3/19/2012 International Arts Manager

Comment: Adam Fischer on artistic freedom in Hungary

Adam Fischer

Ádám Fischer on why he feels compelled to incite artistic action in Hungary against the performance of István Csurka’s The Sixth Coffin.

Hungary's society is going through a phase of enormous change. The world is increasingly concerned about the way democratic instituitions are being obstructed, how racism, antisemitism and xenophobia are gaining ground and acceptance. In such times it would seem important that artists fight for the freedom of the arts and are on the alert when politicians try to silence artists, to censor books or ban theatre performances.

I am advocating the ban of a theatre event planned for this autumn in Budapest. Is this compatible with an artist's obligation to fight for the freedom of expression? I think it is. An artist must speak up when a publicly funded theatre in the capital of an EU country plans to show anti-semitic pieces, something that has not happened since the war. I am talking about the production of the piece The Sixth Coffin at Budapest’s New Theatre (Új Színház) by the recently deceased writer István Csurka, doyen of the Hungarian antisemites and formerly member of the Hungarian Parliament as leader of the extremely right-wing party, MIEP.

The New Theatre fell victim of a shady political deal. Csurka and his party had abstained from running in the last parliamentary elections. Instead Csurka appealed to his followers to vote for FIDESZ, now the ruling party. Thereafter György Dörner, a combatant of Csurka, was appointed director of the New Theatre by István Tarlós, Budapest’s Mayor. Dörner declared that he would lead the house in the spirit of his mentor Csurka, and also perform his plays.

Dörner's appointment has lead to protests in Hungary and abroad. In reaction, Tarlós publicly promised not to allow any anti-semitic performances to take place at the New Theatre, or he would fire Dörner. But the premiere of this anti-semitic Sixth Coffin had already been announced at that time, and it can be assumed that the persons in charge have read the play. There is only one explanation: they do not consider this piece anti-Semitic. That is the most alarming fact in this matter.

Csurka's piece is set in 1920, shortly before the Austro-Hungarian monarchy was to be partitioned into several successor states. Some American bankers with suspiciously German-sounding names decide to instruct the American President Woodrow Wilson – who is of course under their control – to punish Hungary severely in the upcoming peace negotiations. Among each other they admit that this step is indeed cruel, but neccessary if the secret society of capitalists is to gain control over the whole world.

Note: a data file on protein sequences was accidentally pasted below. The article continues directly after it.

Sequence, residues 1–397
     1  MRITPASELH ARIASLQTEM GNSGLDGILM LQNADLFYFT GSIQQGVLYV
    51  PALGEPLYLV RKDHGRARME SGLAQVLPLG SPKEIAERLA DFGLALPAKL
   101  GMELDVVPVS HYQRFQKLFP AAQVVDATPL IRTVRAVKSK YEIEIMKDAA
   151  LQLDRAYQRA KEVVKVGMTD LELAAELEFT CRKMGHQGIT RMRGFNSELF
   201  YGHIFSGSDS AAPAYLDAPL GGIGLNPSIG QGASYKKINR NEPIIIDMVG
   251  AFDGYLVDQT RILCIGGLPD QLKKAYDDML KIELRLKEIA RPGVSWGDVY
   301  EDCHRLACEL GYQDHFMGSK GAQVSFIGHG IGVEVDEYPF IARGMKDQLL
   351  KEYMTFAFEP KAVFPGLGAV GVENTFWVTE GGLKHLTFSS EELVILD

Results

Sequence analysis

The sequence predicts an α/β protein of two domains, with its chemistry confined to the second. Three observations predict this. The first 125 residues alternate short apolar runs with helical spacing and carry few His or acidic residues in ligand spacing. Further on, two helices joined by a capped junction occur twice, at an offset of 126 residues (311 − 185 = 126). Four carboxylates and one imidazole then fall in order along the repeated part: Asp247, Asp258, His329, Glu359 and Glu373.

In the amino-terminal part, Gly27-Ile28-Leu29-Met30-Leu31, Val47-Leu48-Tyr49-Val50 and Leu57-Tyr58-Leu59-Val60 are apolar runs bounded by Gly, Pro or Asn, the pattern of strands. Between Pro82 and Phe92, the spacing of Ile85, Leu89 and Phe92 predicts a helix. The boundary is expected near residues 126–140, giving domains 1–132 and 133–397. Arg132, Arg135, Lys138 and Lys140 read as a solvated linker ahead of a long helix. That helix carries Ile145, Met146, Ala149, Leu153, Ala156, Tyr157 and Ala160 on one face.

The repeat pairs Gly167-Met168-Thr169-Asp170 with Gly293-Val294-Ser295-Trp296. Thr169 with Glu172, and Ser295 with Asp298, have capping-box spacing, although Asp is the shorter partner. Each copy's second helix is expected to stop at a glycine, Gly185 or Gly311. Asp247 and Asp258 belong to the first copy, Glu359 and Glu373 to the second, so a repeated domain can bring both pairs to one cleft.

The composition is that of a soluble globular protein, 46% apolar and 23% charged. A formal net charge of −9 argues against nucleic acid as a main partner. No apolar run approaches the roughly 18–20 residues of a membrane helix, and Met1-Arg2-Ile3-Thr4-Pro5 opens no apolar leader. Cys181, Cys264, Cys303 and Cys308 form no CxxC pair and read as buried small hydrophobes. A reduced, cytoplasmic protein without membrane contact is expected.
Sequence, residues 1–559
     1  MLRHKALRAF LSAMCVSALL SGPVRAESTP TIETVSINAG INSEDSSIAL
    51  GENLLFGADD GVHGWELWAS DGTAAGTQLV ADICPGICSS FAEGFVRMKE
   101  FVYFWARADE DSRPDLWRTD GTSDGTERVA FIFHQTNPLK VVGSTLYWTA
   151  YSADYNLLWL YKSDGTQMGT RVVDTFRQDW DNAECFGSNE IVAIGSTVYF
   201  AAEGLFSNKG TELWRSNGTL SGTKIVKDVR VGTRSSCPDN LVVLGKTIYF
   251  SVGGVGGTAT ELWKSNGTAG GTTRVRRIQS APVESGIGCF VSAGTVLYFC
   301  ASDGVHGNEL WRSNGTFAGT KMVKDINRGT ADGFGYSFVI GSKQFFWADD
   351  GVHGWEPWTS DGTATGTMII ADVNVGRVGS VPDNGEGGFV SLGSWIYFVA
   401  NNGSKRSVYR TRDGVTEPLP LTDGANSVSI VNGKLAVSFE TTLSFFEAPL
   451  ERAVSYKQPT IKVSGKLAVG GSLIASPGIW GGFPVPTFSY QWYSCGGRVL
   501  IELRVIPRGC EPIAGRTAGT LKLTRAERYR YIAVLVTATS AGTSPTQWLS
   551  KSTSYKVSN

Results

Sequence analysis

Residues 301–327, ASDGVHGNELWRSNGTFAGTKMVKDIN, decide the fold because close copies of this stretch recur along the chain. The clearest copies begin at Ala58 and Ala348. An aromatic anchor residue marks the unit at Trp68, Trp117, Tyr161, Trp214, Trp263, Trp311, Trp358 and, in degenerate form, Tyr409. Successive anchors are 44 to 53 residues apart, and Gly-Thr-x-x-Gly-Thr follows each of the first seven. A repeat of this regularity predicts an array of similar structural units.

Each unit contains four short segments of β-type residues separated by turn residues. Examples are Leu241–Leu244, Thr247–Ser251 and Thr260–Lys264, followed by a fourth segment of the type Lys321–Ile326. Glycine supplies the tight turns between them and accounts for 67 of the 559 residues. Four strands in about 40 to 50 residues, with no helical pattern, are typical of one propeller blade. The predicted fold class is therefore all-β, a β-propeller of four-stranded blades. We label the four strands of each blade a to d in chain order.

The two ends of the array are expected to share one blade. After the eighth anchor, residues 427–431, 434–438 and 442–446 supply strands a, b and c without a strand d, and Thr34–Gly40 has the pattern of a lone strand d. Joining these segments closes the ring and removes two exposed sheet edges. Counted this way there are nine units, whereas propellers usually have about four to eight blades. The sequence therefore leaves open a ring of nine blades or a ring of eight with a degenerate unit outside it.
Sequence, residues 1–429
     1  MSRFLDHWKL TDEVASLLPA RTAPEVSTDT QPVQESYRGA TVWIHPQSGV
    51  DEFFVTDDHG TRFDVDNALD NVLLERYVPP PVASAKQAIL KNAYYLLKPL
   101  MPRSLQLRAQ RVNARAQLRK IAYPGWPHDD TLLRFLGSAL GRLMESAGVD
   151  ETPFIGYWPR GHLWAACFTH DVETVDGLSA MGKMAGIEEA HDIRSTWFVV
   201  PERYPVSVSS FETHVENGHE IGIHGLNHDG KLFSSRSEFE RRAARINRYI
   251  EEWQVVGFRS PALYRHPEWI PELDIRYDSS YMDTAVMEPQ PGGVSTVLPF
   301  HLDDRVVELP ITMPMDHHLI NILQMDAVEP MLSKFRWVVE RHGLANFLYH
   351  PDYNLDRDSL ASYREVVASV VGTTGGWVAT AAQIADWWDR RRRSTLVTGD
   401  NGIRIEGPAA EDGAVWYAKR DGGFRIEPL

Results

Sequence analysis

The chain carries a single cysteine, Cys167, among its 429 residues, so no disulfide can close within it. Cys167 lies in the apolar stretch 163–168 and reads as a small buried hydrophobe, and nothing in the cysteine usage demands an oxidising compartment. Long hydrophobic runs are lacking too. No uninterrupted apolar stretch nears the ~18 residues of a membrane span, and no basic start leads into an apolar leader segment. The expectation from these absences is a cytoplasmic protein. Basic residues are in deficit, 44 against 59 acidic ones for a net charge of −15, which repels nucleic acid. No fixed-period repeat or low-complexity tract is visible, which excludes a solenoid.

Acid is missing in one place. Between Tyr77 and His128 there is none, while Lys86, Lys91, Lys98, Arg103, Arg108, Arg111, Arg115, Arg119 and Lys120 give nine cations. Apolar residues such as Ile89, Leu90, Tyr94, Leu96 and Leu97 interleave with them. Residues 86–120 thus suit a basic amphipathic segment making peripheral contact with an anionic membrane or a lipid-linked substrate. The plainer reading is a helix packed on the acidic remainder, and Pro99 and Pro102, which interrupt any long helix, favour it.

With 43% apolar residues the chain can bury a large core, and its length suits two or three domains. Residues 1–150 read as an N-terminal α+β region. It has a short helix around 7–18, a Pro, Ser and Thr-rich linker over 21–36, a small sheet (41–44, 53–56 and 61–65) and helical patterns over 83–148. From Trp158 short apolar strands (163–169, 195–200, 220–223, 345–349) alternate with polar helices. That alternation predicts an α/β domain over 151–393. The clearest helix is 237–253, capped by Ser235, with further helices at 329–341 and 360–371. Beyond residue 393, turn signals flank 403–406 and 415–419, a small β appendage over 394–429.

The fact that the Mayor apparently does not seem to consider such a piece to be antisemitic is the real scandal. A couple of years ago this would have been unthinkable. But intolerance in Hungary has been growing recently. Tarlós and many others seem to believe that somebody who only denounces evil jews has claim not to be an anti-Semite, because he/she likes ‘nice’ Jews – and only hates ‘ugly’ Jews, or those who ‘behave like Jews’. A response that is unacceptable.

Anti-Semitic propaganda strengthens existing prejudices. Csurka implied that he had nothing against Jews as such, only against those who plan and take part in the international Jewish conspiracy against the rest of the world – something that is the standard argument of all right-wing extremists in Hungary.

The Mayor has said that he will not allow the performance of anti-Semitic propaganda at the New Theatre and yet he has failed to contest the performance of The Sixth Coffin.

If the politicians had opened the discussion that in a democracy it must be possible to perform even an antisemitic piece, this might be an argument that one could debate. But if they say they do not consider Csurka´s piece to be anti-semitic, by implication that surely means something is seriously rotten in the state of Hungary.

It is a move that potentially shows how the immune system of the Hungarian society is already frightfully weakened by the virus of anti-semitism. It is our duty to find ways to strengthen its defenses. And this is why I and many others will not stop in our protest against this production.

Ádám Fischer is the general music director of the Austro-Hungarian Haydn Orchestra, music director of the Hungarian Radio Symphony Orchestra, and chief conductor of the Danish National Chamber Orchestra. He is a Hungarian conductor of Jewish family origin and runs the website www.artistsagainstracism.eu